On December 3 2018, the State Administration for Market Regulation (SAMR) issued an administrative circular (Opinions of the State Administration for market regulation on Working Effectively on the Registration of E-commerce Business Operators, hereinafter referred to as the “circular”) clarifying certain aspects of the registration procedure for companies operating in the e-commerce sector, imposed by art. 10 of the new Chinese e-commerce Act (E-Commerce Law of the People’s Republic of China), in force since January 1st, 2019.
As specified in the above provision, as well as in par. II of the Circular, e-commerce operators engaged in business activities are required to be registered as market operators (in the form of companies, individual entities or agricultural cooperatives) by the same administrative regulations as those applicable to traditional operators, with the sole exception for direct farmers, craftsmen and suppliers whose activity is not subject to obtaining any License or Administrative Authorization.
However, the e-commerce activity exercised by an individual entity is also regulated by law. In this particular case, the operator can indeed specify his/her operative online platform as the registered office, however, if the operator works through several online platforms, it must register them all as additional locations for his/her activity and the operator may even choose to register their habitual residence as the registered office.
In regards to individual entities, the competent authority for registration shall be the competent SAMR office (at regional, municipal or district level) based on the place of residence of the holder (see Circular, par. III). If the e-commerce operator elects, and registers, the online shop through which he operates as the place of conduct of his business, he shall perform his activity exclusively using that specific channel. In this case the operator will not be allowed to use the residence to exercise commercial activity in the traditional form, without the prior authorization of the Authority (see Circular, par. IV)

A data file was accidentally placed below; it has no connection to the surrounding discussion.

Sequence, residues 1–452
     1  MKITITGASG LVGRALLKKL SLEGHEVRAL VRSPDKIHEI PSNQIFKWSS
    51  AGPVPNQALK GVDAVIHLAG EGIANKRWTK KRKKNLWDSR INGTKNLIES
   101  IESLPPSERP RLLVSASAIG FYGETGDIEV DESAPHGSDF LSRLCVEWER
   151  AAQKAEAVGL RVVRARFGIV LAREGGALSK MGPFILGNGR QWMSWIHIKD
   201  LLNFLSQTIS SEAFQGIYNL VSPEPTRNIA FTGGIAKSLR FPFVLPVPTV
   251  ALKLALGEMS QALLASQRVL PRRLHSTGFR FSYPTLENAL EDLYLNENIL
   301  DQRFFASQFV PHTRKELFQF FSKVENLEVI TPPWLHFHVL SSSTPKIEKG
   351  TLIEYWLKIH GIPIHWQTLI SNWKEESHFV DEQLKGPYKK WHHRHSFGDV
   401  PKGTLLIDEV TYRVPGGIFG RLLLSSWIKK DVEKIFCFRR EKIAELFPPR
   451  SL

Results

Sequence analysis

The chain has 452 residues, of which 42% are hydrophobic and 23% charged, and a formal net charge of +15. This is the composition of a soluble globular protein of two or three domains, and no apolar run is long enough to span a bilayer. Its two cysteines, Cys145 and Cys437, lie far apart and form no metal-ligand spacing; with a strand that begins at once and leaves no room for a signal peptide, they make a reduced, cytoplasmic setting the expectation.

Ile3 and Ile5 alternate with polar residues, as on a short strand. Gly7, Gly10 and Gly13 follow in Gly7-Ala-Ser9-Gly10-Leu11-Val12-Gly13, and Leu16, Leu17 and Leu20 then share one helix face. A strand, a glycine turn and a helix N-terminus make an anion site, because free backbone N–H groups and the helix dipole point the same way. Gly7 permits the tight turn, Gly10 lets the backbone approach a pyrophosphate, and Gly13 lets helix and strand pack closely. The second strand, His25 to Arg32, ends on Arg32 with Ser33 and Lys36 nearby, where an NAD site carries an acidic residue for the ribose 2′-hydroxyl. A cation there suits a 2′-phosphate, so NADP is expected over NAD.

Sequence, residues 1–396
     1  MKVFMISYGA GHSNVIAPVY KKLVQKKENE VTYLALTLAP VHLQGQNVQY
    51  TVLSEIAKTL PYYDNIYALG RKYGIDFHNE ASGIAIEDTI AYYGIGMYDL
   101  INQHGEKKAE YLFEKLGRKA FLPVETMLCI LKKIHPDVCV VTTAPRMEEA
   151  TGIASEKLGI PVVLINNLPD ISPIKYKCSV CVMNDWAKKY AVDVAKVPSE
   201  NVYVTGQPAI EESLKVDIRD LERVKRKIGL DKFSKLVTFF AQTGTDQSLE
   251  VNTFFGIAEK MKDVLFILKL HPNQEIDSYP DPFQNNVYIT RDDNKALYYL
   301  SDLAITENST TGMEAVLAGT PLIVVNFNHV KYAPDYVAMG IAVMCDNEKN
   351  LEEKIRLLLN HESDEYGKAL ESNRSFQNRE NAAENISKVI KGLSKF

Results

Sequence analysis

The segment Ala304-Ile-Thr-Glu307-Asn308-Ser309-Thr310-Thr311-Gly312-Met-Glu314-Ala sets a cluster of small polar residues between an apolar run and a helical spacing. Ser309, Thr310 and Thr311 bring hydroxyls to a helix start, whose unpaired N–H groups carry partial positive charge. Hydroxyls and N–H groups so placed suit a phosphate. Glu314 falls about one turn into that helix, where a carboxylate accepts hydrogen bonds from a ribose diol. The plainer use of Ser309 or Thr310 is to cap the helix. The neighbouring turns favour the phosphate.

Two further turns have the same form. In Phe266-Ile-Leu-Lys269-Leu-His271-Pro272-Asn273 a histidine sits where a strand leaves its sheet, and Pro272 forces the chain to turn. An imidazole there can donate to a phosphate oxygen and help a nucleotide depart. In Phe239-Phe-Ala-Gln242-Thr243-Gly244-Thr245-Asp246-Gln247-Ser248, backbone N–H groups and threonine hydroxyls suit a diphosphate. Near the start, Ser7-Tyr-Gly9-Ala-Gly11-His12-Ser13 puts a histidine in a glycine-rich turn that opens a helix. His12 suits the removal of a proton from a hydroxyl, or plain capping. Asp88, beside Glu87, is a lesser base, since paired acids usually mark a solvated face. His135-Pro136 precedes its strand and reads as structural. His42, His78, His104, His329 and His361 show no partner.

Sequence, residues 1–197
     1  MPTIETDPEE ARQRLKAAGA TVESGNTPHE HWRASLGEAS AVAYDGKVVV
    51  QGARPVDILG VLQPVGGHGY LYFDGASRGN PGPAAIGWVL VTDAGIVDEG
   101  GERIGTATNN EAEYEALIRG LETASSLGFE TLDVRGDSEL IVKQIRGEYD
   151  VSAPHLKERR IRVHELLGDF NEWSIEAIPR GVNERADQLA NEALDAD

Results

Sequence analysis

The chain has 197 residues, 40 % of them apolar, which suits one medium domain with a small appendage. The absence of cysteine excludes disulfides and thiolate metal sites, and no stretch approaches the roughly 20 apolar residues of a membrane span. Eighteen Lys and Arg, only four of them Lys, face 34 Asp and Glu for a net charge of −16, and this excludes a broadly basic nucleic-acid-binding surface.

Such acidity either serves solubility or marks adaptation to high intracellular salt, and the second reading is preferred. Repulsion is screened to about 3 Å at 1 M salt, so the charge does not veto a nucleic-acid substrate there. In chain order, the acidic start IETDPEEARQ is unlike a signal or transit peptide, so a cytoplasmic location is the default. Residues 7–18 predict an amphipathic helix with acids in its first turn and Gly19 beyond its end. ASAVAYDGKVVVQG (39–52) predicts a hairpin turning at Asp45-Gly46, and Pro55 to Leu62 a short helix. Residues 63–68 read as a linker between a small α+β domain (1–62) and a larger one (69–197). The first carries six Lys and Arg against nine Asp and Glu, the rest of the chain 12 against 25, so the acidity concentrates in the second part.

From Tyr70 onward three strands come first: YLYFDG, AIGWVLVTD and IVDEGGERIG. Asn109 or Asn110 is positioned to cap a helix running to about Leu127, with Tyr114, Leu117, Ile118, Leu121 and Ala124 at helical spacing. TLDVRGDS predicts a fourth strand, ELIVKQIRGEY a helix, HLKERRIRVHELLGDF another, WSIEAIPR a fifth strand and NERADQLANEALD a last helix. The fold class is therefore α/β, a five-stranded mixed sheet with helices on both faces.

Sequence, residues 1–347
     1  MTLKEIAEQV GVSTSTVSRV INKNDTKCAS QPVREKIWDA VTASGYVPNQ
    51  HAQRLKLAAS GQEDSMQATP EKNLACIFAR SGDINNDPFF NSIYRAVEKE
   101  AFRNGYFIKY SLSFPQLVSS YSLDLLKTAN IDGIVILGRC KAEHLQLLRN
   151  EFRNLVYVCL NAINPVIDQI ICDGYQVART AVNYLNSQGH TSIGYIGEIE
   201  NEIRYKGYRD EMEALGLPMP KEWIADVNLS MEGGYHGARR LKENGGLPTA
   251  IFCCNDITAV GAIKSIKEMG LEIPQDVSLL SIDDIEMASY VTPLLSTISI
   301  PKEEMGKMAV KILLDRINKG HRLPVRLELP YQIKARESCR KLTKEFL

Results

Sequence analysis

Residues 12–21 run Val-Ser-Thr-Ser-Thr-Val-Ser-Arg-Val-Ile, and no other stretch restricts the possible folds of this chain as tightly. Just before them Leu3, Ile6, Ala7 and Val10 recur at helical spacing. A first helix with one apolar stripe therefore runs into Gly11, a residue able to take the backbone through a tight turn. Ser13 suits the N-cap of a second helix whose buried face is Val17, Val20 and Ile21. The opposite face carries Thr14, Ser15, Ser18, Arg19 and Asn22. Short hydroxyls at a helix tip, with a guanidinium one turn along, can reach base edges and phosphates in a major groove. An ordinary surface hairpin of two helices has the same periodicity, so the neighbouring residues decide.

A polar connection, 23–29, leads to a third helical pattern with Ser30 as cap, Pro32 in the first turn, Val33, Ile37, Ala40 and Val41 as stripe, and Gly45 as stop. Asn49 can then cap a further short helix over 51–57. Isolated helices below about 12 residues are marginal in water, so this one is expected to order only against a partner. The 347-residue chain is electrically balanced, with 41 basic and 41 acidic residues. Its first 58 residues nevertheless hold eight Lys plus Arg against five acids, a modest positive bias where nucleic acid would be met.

The e-commerce operators must also make public their commercial license or a declaration of an exemption from the obligation to register ex art. 10 of the Chinese E-commerce Act (see Circular, par. VI), by publishing it on the homepage.
Specific rules are set for holders of online e-commerce platforms, where e-commerce operators are entitled to the sale and exchange of goods and services. In particular, par. V of the circular specifies that administrators of e-commerce platforms must report to the authority identifying the information of operators present on the platform which have not yet provided the required Administrative registrations, and invite them to abide by the law.
In basic terms, apart from the peculiarities recognized in favor of individual entrepreneurs, e-commerce operators engaged in business activities are subject to every rule binding traditional operator,s leading to more control being excercised by the relevant administrative authorities.